Friday, May 25, 2007

Corruption undermining judicial system

Corruption is undermining judicial systems around the world, denying citizens access to justice and the basic human right to fair and impartial trial, sometimes even to a trial at all, according to the Global Corruption Report 2007: Corruption in Judicial Systems issued by Transparency International.

According to the report, Nepalese judiciary is perceived to be among the most corruption-afflicted sectors.

"Judges often supplement their meagre salaries with 'incentives' from lawyers."The judicial system is viewed as too expensive and corruption-ridden; poor people often turn to Maoist courts for prompt justice in petty cases. A spirit of collegiality among judges hinders peer oversight and opens the door to corruption, the TI report said about Nepal.The new Global Corruption Report concludes that a corrupt judiciary erodes the international community's ability to prosecute transnational crime and inhibits access to justice and redress for human rights violations.Asia's middle to high-income countries, governments of many low income countries (including Bangladesh, Cambodia, Indonesia, Laos, Nepal, Pakistan, Philippines, Thailand and Vietnam) have lowered their commitment to ensuring adequate support for courts and their personnel, inviting corruption and undermining the rule of law, the report said.Two thirds of people who used a court in 2004 paid bribes, with the typical bribe amounting to 25 percent of average annual income in Bangladesh, according to the report.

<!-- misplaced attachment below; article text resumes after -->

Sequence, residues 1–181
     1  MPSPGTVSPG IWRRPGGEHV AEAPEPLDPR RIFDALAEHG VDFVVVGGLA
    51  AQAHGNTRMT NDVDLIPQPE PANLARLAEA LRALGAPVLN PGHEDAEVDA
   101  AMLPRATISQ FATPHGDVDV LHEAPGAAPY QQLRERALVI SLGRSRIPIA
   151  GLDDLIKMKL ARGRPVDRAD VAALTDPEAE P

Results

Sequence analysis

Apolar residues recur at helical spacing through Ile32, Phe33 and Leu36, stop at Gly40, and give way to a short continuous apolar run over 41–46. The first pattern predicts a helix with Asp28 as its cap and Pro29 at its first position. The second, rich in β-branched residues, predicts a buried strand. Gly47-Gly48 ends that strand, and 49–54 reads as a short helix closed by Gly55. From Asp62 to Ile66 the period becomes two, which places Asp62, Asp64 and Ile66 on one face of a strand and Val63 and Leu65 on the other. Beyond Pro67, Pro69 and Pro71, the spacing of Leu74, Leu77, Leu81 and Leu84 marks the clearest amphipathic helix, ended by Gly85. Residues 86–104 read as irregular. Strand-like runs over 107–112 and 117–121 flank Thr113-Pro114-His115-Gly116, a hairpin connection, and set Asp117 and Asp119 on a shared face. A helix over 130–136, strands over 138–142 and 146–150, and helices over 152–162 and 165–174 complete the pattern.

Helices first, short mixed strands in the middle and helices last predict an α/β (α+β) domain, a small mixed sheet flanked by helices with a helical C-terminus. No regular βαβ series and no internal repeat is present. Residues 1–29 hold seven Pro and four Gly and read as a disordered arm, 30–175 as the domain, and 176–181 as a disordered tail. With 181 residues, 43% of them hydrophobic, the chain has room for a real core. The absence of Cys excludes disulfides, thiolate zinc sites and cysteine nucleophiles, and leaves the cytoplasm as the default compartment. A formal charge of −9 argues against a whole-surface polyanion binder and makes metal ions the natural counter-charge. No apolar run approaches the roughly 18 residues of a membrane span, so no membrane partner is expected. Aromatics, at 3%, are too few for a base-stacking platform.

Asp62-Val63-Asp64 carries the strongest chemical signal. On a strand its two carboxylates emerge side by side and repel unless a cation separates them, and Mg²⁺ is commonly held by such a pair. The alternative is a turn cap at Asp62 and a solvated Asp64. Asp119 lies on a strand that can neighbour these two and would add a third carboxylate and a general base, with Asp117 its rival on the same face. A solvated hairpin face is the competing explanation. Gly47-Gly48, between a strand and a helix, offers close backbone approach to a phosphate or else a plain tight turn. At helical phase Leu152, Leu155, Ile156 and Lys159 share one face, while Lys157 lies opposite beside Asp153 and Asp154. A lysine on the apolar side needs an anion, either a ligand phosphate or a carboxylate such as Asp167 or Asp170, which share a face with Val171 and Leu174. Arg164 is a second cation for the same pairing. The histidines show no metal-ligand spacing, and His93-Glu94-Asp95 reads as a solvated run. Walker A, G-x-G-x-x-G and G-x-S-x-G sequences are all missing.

When courts are corrupt, ordinary people suffer judicial corruption usually falls into two categories: political interference in the judicial process by the legislative or executive branch, and bribery. The importance of an independent judiciary cannot be overemphasised, the report pointed out."Equal treatment before the law is a pillar of democratic societies. When courts are corrupted by greed or political expediency, the scales of justice are tipped, and ordinary people suffer," said Huguette Labelle, Chair of Transparency International. "Judicial corruption means the voice of the innocent goes unheard, while the guilty act with impunity." Everyone loses when justice is corrupted, in particular the poor, who are forced to pay bribes they cannot afford. TI's latest global survey of attitudes towards corruption reveals that in more than twenty-five countries, at least one in ten households had to pay a bribe to get access to justice. In a further twenty countries, more than three in ten households reported that bribery was involved in securing access to justice or a "fair" outcome in court. In Albania, Greece, Indonesia, Mexico, Moldova, Morocco, Peru, Taiwan and Venezuela, the figure was even higher.Petty bribery and political influence in the judiciary erode social cohesion: one system for the rich and another for the poor fracture communities.
"If money and influence are the basis of justice, the poor cannot compete," said Akere Muna, TI's vice chair and president of the Pan African Lawyers' Union. "Bribery not only makes justice unaffordable; it ruins the capacity of the justice system to fight against corruption and to serve as a beacon of independence and accountability." According to a 2002 survey, 96 percent of respondents in Pakistan who had contact with the lower courts had encountered corrupt practices, while in Russia, an estimated US $210 million in bribes is thought to be spent on law courts annually.

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